Finland's Parliament backs Nato membership in vote as Sweden signs application

Turkey is fiercely opposed to the two Nordic nations joining the 30-member alliance

Reservists fire live rounds during defence exercises in south-east Finland. AP
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The Finnish Parliament has overwhelmingly backed the government’s application to join Nato, voting 188-8 to push ahead with the process in tandem with its neighbour Sweden following the invasion of Ukraine.

The move, which represents a shift in Finland's decades-old neutral stance since the Second World War saw MPs in Helsinki back Prime Minister Sanna Marin and President Sauli Niinisto’s view that joining Nato would the best move for Finland’s security. The leadership decided officially on Sunday to apply to join the military alliance.

The vote in the 200-seat Eduskunta legislature was seen a formality as politicians’ approval was not necessarily required.

Finland is now expected to sign a formal application and file it to Nato headquarters in Brussels in the coming days, in the hope of becoming the western alliance’s 31st member. The Nordic country, which shares a 1,340-kilometre border with Russia, is being followed by its neighbour Sweden in pushing for Nato membership.

Turkey's President Recep Tayyip Erdogan has voiced opposition to Finland and Sweden joining, a view which threatens to throw a spanner in the works down the line. The second largest member of Nato, has criticised the northern European nations’ hurried attempts to shore up their security by joining the alliance, due to their stance towards the PKK, a Kurdish militant political group.

President Recep Tayyip Erdogan has accused both countries of harbouring members of the group, which Ankara considers a terrorist organisation.

“Neither of these countries have a clear, open attitude towards terrorist organisations. How can we trust them?” the Turkish president said on Monday.

Prime Minister of Finland Sanna Marin talks at the Finnish Parliament on Monday. (AP Photo / Martin Meissner)

Swedish Minister for Foreign Affairs Ann Linde on Tuesday formally signed her nation’s application to Nato, a day after the country announced it would seek membership of the alliance.

Ms Linde shared a photo of her signing the document on Tuesday on social media and captioned it: “Just signed a historic indication letter to Nato Secretary General Jens Stoltenberg from the Swedish government.”

“Our Nato application is now formally signed,” she added.

“It feels like we have taken a decision that is the best for Sweden.”

Sweden’s shift brings the country’s 200 years of military non-alignment to an end, while Finland is moving away from its decades-old neutral stance.

Finland fought two wars against Russia during the Second World War and signed away about 10 per cent of its territory. After the violent episodes had concluded, the Nordic nation adopted a policy of military non-alignment.

Josep Borrell, the EU’s foreign affairs chief, on Tuesday expressed hope that Nato members would be able to collectively overcome Turkey’s opposition to admitting Sweden and Finland. He predicted there would be “extremely strong support” among members, while also acknowledging “Turkey has some objections”.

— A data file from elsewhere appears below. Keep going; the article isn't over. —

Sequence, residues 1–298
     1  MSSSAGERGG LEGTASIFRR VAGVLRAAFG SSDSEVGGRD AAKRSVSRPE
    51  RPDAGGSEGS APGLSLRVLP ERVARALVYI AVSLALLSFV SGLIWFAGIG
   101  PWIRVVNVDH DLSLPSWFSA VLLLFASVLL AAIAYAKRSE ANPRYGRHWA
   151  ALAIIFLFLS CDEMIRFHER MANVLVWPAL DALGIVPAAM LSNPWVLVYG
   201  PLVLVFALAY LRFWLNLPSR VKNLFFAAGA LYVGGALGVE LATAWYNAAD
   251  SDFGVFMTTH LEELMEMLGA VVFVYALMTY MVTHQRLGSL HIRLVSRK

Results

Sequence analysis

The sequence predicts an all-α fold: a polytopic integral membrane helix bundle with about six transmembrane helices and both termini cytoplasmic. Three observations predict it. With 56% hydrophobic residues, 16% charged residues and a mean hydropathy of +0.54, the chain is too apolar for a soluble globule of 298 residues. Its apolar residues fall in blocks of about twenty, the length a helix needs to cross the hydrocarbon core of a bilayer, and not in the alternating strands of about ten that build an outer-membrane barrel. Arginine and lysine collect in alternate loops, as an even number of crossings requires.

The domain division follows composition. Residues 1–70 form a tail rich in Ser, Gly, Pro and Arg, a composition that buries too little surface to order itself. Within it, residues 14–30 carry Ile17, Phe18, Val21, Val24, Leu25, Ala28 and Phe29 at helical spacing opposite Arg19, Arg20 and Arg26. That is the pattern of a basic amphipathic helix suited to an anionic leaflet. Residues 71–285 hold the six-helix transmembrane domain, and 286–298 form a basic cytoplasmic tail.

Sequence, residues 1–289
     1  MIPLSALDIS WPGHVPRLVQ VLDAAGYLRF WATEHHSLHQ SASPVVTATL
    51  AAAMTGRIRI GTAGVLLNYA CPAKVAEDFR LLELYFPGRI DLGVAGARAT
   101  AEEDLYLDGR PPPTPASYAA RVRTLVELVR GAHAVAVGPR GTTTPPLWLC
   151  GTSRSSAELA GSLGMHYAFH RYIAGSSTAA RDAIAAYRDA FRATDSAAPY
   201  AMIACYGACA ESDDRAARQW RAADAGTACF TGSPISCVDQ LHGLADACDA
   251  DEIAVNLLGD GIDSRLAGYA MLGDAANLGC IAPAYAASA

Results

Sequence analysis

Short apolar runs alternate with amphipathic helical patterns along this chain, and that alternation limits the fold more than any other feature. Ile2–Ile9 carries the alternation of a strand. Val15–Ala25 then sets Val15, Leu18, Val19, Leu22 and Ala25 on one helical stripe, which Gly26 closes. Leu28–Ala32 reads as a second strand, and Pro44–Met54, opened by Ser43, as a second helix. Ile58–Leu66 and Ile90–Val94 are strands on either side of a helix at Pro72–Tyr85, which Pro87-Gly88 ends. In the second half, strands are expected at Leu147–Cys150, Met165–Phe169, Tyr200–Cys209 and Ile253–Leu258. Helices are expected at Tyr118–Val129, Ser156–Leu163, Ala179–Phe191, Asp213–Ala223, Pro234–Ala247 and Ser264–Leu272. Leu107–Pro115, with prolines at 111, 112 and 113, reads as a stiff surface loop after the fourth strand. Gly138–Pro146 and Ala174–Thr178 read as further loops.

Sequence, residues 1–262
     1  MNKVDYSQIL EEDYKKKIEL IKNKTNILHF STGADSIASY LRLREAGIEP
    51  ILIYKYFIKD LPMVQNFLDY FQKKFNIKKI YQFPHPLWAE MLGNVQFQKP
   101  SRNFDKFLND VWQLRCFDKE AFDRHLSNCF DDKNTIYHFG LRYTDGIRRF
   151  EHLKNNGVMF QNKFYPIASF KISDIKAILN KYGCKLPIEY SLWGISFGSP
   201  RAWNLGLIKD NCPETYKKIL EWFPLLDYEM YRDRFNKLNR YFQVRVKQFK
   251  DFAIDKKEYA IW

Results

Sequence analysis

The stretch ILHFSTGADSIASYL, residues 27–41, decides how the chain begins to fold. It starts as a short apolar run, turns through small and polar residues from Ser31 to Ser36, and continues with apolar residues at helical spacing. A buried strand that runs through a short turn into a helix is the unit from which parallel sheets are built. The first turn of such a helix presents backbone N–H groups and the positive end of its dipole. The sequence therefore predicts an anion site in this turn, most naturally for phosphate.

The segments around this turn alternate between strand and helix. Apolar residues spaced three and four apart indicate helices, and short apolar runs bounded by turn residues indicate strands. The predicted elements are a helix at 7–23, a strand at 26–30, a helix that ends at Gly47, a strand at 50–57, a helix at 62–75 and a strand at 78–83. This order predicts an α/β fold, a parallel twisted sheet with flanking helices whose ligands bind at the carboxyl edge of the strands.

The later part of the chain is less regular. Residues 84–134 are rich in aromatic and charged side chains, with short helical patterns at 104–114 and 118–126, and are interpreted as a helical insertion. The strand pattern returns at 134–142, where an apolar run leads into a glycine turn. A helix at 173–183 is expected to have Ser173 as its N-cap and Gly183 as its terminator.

“I hope Nato will be able to overcome them. But from my side and from the side to the Defence Council, a strong support to this membership,” he added.

Christine Lambrecht, Germany's Minister of Defence, said “intensive” talks with Turkey would be needed to overcome roadblocks in Finland and Sweden’s paths to Nato.

“All decisions regarding Nato accession of Sweden and Finland have to be unanimous,” she said. “And that’s why it’s also important that we are now very intensively also in talks with Turkey and that the concerns and the arguments that are put forward there are also taken seriously.”

Ms Lambrecht said if “two such strong EU countries” as Sweden and Finland became part of the alliance it would strengthen the security of all member nations, including Turkey.

“I am firmly convinced that Turkey will also be convinced,” she said.

Francois Bausch, Luxembourg’s Minister of Defence, said “nobody would understand” if the alliance refused to grant membership to Finland and Sweden because, given the values they hold, “they belong inside of Nato and not outside”.

Swedish soldiers take part in a military exercise called 'Cold Response 2022', gathering about 30,000 troops from Nato member countries, plus Finland and Sweden, in Norway. Reuters

Russia's retaliation

Russia on Tuesday announced it was expelling two Finnish embassy staff from, following a similar move by Helsinki. The Foreign Ministry said in a statement that it summoned Finland's ambassador to Russia and expressed its “strong protest” against the expulsion of two Russian diplomats from Finland in April.

It also accused Finland of taking a “confrontational course” towards Russia, supplying weapons to Ukraine and “covering up the crimes of Ukrainian nationalists” against civilians.

“The Russian side made a decision on the unacceptability of the further stay in the Russian Federation of two staff members of Finland's embassy in Moscow,” the ministry said.

Gasum, Finland’s state-owned energy company, said gas supplies from Russia will be halted because it will not pay for gas in roubles, as the Kremlin has demanded.

The firm said it will take a dispute with Russia’s Gazprom energy giant to arbitration proceedings.

Updated: May 17, 2022, 3:01 PM
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